Plans to develop an Islamic cultural center and mosque, called Park51, near New York’s Ground Zero have unleashed a nationwide firestorm of anti-Muslim rhetoric and anger. Ground Zero is the site where the twin towers of the World Trade Center imploded and collapsed hours after being hit by hijacked airliners. The planes were hijacked and piloted by Muslim terrorists organized and funded by the notoriously violent and extremist Islamic hate group Al-Qaeda.
Families and friends of the nearly 3,000 people killed in the 9/11 attacks are vocal in their opposition to the opening of Muslim mosque in such close proximity to what they consider “hallowed ground”. They and others believe (perhaps rightly) allowing the celebration Islam near the site is disrespectful of the dead.
Included in that group is Paul Walier, a Buffalo, New York attorney whose sister died in the World Trade Center collapse. In a Time Magazine article, Walier acknowledged the planners of Park51 have the constitutional right to build the Islamic center but said “I just don’t think it’s the appropriate thing to do”. Former Speaker of the House Newt Gingrinch has compared the building of an Islamic Center near Ground Zero to planting a Nazi flag next to the Holocaust Memorial.
The opponents of Park51 seem to be focusing on the idea that just because you can do something, does not mean you should do it.
Anti-Islamic Sentiment Has Grown Since 9/11, But America Remains More Tolerant Than Most
Anti-Islamic sentiment in The United States has grown since the 9/11 attacks. Some have attributed these growing feelings to racism or intolerance, but in reality it is a sentiment rooted in fear. 9/11 represented the first time America had been attacked on its own soil since Pearl Harbor in 1941. Americans are afraid of a faith that is routinely portrayed on the nightly news as Anti-American. The predominant feeling across America, rightly or wrongly, is that Islam wants to destroy the United States and return the world to the caliphates of the 6th century, a time when Islam dominated much of the known world.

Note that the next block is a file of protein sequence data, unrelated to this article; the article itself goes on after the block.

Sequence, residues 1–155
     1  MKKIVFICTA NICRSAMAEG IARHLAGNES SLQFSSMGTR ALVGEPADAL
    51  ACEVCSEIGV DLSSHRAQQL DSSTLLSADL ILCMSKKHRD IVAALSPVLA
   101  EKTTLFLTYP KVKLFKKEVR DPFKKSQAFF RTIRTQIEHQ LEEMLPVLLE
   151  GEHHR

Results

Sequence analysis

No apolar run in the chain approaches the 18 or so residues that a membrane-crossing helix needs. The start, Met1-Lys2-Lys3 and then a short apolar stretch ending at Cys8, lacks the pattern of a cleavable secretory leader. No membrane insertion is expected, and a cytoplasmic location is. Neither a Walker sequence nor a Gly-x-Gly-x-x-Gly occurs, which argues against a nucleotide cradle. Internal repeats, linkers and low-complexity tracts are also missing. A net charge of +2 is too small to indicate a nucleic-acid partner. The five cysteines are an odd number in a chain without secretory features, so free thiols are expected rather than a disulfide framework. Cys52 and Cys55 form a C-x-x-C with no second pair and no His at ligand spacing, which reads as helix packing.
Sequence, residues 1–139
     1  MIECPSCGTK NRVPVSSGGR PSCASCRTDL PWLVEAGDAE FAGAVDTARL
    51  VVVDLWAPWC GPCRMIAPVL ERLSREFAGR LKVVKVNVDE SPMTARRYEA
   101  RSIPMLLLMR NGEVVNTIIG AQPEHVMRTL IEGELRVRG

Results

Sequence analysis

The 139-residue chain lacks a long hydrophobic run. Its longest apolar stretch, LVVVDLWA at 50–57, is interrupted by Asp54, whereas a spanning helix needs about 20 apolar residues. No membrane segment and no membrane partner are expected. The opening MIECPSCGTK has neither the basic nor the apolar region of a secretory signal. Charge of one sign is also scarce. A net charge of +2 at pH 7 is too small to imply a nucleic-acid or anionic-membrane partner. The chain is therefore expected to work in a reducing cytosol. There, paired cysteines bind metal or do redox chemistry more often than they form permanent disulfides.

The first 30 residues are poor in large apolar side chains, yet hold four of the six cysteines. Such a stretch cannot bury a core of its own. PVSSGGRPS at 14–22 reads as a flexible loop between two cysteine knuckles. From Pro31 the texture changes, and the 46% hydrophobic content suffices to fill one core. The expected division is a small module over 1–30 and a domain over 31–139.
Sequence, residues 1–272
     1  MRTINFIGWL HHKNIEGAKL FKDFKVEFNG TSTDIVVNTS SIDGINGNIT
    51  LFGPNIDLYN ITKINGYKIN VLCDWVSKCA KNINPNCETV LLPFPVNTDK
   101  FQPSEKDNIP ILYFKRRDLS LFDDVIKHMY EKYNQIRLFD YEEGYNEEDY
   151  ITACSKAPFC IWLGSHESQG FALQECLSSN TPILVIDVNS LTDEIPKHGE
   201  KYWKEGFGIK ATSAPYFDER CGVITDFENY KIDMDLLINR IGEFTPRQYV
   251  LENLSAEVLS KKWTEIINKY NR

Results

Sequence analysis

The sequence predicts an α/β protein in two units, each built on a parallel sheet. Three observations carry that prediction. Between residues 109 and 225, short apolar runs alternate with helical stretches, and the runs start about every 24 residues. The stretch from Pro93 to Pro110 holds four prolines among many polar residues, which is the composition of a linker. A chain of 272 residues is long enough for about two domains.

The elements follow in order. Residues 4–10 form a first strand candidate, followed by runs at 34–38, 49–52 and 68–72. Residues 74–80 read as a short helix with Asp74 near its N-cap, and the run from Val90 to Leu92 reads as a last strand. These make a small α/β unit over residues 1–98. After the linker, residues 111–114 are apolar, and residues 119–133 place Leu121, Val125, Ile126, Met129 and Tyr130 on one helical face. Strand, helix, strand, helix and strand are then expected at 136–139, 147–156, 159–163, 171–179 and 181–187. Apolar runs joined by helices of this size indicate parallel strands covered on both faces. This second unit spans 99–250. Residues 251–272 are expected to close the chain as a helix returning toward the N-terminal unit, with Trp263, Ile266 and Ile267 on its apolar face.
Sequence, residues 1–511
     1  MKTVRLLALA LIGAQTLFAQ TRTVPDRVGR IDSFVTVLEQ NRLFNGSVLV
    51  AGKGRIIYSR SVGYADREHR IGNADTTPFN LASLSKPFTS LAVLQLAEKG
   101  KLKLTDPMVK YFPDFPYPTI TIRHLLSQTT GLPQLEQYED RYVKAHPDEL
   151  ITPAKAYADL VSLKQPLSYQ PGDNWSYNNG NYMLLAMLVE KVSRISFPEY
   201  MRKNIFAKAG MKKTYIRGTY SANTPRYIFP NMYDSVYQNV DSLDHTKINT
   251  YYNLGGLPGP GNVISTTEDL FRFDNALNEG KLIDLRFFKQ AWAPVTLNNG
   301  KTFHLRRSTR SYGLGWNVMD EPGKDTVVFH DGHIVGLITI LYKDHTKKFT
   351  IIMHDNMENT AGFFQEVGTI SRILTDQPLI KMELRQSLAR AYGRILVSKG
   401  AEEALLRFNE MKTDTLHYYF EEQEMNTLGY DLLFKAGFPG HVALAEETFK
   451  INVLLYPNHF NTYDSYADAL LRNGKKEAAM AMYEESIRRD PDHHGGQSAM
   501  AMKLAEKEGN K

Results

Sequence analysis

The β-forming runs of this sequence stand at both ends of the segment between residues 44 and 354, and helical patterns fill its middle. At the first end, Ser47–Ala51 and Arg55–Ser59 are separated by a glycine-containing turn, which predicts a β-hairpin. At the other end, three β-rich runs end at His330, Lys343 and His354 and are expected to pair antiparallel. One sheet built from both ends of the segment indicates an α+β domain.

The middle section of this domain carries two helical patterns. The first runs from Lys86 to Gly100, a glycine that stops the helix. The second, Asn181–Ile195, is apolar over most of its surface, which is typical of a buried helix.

Still, America’s growing Islamophobia has not yet reached the levels seen in other countries with Muslim minorities. There are no bans on wearing Burkas or building minarets as there are in France and Switzerland respectively. Though American Muslims worry about current developments, recent polls indicate most Muslims feel safer and less oppressed in the United States than anywhere else in the West.
An Idea for Development Near Ground Zero
Some media outlets have tried to dispel the notion that the planned Islamic Cultural Center and Mosque is too close to “hallowed ground” by pointing out that there are strip clubs, liquor stores, and off-track betting parlors within a stone’s throw from the site. These folks ignore the idea that the World Trade Center was not brought down by a group of deranged strippers. The planes that crashed into the towers were not piloted by drunken bettors angry at missing the Daily Double at Saratoga Park. The attack was perpetrated by Islamic extremists.
Subsequent failed terror attempts such as the “shoe bomber” and the recent Times Square car bomb have increased American suspicion of Islam.
Perhaps we should not only accept the proposed mosque but use it as an anchor for further development around Ground Zero. Why not build a synagogue next to a mosque down the block from a cathedral around the corner from a Buddhist Temple, and so on? What better way of displaying diversity, forgiveness, and tolerance. What better way to show that America is not and never will be under the control of intolerant religious zealots like the Taliban? What better way to demonstrate that America is not Saudi Arabia, Afghanistan or any other intolerant nation.
What better way for religious leaders of all faiths to not just talk of tolerance, but to walk the walk?
What better way to honor the ideals of the Constitution of the United States?
Sources: Bobby Ghosh, Islam in America, Time Magazine